The sound quality is crisp, clean, nice bass, basically it is not brick walled and all the details are separate as it should be. It seems these days digital remastering is getting better and better in sound quality. People are finally learning how to do it right. Yay! All the Joy Division tracks sound great. And you can tell this is a new digital remaster. Better than even the most decent previous efforts on New Order and Joy Division re-releases and best of's.

Anyone ever wish that the Shep Pettibone 12" Remix of 'Bizarre Love Triangle' were also mixed in to a shorter 7" edit? Because that remix is damn long. Well, there actually was a 7" remix edit released back then. And it's here on CD for the first time. And it's not found on any other past New Order best of compilations. I always prefered Shep Pettibone's extended Remix of 'Bizarre Love Triangle' over the shorter original album version. I had no idea there was an edit of the Shep Pettibone 12" remix. I am so excited about this. It is far superior if you ask me, since the original version is missing some very important parts.

And how about 'True Faith'? Anyone ever feel that all the versions of that song were too long? I had always wished for a shorter edited version. Well it exists! It's here for the first time on CD. The 'True Faith' 7" Edit is basically a single version that was released back in the 80's, but it has never been released on CD ever, until now.

'The Perfect Kiss' is basically the single or album version, but this version included on here is an even shorter edit. I also had no idea this was ever released back in the day. AWESOME! It flows much better as a single version.

The remastering on this collection is the absolute best you will find anywhere up until now regarding New Order and Joy Division. The detail is meticulous, it's perfection. 'Blue Monday' finally get's the excellent remastering it always deserved. The remastering alone is worth the money, but the rare 7" versions are also a must have for collector's (most notably 'True Faith' 7" Edit and also 'Bizarre Love Triangle' Shep Pettibone 7" Remix Edit.)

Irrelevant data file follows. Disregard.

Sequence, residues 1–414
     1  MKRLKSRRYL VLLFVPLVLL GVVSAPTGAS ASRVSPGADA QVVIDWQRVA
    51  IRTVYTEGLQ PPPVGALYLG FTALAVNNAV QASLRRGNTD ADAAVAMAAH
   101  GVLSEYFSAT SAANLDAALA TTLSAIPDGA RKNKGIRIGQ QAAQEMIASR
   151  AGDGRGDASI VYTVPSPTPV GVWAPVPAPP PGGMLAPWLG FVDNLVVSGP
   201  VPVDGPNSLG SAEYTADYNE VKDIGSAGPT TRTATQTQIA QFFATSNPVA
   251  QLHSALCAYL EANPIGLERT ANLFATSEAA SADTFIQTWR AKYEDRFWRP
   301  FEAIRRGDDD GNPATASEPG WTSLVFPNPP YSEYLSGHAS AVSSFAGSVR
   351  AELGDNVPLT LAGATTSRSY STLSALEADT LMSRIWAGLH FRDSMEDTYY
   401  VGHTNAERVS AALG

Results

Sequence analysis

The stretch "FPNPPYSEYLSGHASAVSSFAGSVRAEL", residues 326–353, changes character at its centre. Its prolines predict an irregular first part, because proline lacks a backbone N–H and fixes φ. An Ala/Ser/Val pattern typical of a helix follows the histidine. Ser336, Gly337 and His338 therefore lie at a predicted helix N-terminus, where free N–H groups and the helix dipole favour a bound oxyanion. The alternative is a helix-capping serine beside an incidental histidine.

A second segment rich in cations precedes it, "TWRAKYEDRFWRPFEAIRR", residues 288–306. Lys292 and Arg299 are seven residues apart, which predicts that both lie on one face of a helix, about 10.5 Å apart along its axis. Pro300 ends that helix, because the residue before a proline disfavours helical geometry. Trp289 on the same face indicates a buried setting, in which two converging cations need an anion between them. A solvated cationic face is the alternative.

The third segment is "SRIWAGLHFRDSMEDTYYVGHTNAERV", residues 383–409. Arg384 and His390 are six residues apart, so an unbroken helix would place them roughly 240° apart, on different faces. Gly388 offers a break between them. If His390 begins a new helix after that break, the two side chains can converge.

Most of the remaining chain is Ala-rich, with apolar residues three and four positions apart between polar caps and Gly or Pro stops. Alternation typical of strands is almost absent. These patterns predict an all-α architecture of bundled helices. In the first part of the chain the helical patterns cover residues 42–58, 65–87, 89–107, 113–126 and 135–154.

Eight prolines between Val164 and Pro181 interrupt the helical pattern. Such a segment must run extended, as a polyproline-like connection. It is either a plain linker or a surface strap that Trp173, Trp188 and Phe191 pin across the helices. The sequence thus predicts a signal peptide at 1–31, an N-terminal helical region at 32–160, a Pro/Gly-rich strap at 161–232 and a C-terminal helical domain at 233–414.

I do not think 'Thieves Like Us' 7" edit version has been released on CD before, or at least on many past best of compilations. On here it is remastered so wonderfully. I think this 7" edit is only included on that dreadful sounding "Singles" collection from back in 2005. So the 'Thieves Like Us' single is also important.

Another worthy note is the 7" edit of 'Fine Time', which again I think was only included on the horribly remastered "Singles" CD from back in 2005. This new remaster sounds better than anything released up to this point by the band.

I think the most exciting track on here is the Remix Edit of "Bizarre Love Triangle", so awesome they released this. I also find the version of 'True Faith' on here to be exciting, because I have always felt certain New Order singles were way too long in length time. I prefer many of these 7" edits over the original album version's. Now if only there were a 7" edit of 'Blue Monday' that would be awesome. But of course I enjoy the original version of 'Blue Monday' just fine. It sounds great here. This release is worth it for the excellent digital remaster itself. This is a must have.